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The National Portrait Gallery acknowledges the Traditional Custodians of Country throughout Australia and recognises the continuing connection to lands, waters and communities. We pay our respect to Aboriginal and Torres Strait Islander cultures and to Elders both past and present.

Aboriginal and Torres Strait Islander viewers are warned that this website contains images of deceased persons.

Elizabeth Walford, c. 1873

an unknown artist

pastel on photographic image on paper on canvas (frame: 77.0 cm x 67.0 cm, sheet: 68.7 cm x 58.7 cm)

William Barnard Walford (1821–1896), businessman and landowner, was born in Hobart, the son of a publican and victualler and the grandson of a Vienna-born ex-convict who had been transported for seven years in 1791 for stealing cloth. William Barnard Walford appears to have moved to Sydney in the early 1840s, marrying Elizabeth Tovey Symonds (1824–1912) there in 1842. Elizabeth, also born in Hobart, was the daughter of an ex-convict named John Tovey Symonds, who was transported to New South Wales for burglary in 1815. Symonds spent ten years in Van Diemen’s Land, marrying Elizabeth’s mother, Mary Walford, in Hobart in 1819; Symonds returned to Sydney in 1826 and established a pub called the Waterloo Tavern, in Kent Street. Throughout the latter half of the nineteenth century, William Barnard Walford developed a number of business interests, investing in real estate, mining and other ventures and later serving as a director of companies such as the Australian Gaslight Co. William and Elizabeth Walford lived at Waratah in Rushcutters Bay and had eleven children, of whom only five survived to adulthood.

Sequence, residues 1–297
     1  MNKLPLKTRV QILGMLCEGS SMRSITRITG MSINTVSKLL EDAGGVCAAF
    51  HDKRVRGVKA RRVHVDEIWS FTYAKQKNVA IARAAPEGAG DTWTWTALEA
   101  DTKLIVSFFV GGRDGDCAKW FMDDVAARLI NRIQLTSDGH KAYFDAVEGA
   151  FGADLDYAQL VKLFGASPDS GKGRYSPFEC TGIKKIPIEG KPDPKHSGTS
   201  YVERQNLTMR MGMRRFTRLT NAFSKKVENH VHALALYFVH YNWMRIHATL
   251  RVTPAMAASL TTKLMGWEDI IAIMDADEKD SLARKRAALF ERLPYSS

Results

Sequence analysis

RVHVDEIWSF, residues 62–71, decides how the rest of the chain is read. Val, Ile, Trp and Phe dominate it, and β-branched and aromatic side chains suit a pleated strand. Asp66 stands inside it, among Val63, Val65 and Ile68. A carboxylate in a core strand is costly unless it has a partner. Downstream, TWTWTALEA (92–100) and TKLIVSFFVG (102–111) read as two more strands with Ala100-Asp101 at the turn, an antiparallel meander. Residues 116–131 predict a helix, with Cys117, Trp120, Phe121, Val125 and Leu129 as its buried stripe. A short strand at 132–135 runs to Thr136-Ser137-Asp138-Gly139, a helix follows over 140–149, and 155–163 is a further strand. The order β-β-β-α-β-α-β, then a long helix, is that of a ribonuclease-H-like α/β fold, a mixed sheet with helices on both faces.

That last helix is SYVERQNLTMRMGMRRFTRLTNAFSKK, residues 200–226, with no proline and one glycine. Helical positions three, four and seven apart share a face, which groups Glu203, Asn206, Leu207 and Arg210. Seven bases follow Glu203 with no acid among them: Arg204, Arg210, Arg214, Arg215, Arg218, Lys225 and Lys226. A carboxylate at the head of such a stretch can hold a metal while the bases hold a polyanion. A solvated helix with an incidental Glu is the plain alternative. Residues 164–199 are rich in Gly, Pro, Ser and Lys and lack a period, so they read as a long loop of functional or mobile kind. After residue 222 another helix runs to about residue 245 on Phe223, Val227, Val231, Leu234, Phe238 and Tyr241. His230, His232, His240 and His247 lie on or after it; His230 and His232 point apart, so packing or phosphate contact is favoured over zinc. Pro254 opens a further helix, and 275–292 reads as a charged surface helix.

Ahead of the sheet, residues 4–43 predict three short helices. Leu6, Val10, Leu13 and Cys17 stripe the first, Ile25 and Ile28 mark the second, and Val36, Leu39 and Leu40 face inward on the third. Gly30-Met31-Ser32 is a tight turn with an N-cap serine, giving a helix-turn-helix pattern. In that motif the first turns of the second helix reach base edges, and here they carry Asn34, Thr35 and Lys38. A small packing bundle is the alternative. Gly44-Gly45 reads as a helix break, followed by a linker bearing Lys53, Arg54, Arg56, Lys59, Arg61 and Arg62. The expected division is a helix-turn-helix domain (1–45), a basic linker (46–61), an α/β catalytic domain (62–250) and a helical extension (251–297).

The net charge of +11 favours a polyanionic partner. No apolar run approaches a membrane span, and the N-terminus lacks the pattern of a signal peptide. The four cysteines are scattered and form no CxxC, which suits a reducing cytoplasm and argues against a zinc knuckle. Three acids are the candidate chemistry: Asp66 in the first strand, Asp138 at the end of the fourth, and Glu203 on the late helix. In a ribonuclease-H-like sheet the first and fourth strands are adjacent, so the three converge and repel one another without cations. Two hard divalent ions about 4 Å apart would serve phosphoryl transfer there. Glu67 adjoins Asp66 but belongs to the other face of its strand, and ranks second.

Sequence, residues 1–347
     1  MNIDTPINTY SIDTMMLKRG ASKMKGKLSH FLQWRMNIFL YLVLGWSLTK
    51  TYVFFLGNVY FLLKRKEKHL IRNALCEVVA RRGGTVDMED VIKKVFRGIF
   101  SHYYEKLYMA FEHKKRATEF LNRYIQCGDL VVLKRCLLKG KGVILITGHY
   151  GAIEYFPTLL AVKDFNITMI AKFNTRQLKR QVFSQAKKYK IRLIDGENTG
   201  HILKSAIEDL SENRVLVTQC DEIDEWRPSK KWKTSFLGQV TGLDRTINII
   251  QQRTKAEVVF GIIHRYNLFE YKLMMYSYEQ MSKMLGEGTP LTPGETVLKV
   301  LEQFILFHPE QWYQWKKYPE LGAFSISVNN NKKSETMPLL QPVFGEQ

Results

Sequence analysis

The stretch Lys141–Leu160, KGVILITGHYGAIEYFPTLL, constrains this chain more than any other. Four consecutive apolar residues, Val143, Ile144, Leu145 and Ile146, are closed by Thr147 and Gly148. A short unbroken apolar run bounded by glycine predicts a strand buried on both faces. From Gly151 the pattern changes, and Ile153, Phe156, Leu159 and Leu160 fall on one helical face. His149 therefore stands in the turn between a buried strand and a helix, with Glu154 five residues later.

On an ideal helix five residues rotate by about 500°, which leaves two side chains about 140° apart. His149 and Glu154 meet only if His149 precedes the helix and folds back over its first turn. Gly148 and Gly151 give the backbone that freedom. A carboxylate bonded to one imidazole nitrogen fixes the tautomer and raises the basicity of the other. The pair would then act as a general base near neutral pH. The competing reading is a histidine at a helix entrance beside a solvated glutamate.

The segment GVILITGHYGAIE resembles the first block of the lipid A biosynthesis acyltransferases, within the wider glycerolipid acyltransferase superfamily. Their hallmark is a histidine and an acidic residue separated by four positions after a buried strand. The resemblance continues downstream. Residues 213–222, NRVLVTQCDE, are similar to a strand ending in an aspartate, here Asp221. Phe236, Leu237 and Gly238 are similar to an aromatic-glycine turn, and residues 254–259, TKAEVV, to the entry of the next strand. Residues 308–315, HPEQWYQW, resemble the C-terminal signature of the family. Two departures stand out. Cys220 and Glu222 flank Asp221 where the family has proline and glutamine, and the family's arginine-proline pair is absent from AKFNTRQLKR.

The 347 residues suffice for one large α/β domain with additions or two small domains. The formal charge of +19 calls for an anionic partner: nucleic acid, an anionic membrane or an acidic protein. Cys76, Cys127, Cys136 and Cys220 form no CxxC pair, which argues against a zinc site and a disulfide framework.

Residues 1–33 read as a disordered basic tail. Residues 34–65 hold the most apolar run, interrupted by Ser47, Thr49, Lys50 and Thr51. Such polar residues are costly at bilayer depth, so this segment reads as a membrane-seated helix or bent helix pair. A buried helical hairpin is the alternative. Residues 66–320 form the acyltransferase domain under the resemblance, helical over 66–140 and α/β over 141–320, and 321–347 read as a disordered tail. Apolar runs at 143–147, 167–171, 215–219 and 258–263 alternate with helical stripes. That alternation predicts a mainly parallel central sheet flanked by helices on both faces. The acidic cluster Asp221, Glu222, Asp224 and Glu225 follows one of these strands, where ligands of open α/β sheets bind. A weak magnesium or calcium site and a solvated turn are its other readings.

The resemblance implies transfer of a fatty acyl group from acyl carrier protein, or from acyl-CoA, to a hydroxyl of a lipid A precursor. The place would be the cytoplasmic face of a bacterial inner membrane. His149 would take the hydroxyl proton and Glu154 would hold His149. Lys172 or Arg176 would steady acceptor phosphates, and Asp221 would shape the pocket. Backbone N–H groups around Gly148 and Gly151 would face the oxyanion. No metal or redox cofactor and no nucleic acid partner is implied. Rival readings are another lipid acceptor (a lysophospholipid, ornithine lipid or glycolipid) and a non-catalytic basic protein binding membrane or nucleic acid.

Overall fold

Collection: National Portrait Gallery
Gift of the Estate of Leslie Walford AM 2013

Accession number: 2013.47

Currently not on display

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Artist and subject

Elizabeth Walford (age 49 in 1873)

Subject professions

Migration and colonisation

Donated by

The Estate of Leslie Walford (3 portraits)

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The National Portrait Gallery acknowledges the Traditional Custodians of Country throughout Australia and recognises the continuing connection to lands, waters and communities. We pay our respect to Aboriginal and Torres Strait Islander cultures and to Elders both past and present.

Aboriginal and Torres Strait Islander viewers are warned that this website contains images of deceased persons.